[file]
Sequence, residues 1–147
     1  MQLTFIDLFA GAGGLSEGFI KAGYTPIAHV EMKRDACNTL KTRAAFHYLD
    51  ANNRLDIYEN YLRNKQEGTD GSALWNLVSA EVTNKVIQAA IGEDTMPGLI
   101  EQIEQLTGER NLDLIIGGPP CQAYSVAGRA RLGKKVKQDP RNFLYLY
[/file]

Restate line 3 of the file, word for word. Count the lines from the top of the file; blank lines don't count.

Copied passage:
    51  ANNRLDIYEN YLRNKQEGTD GSALWNLVSA EVTNKVIQAA IGEDTMPGLI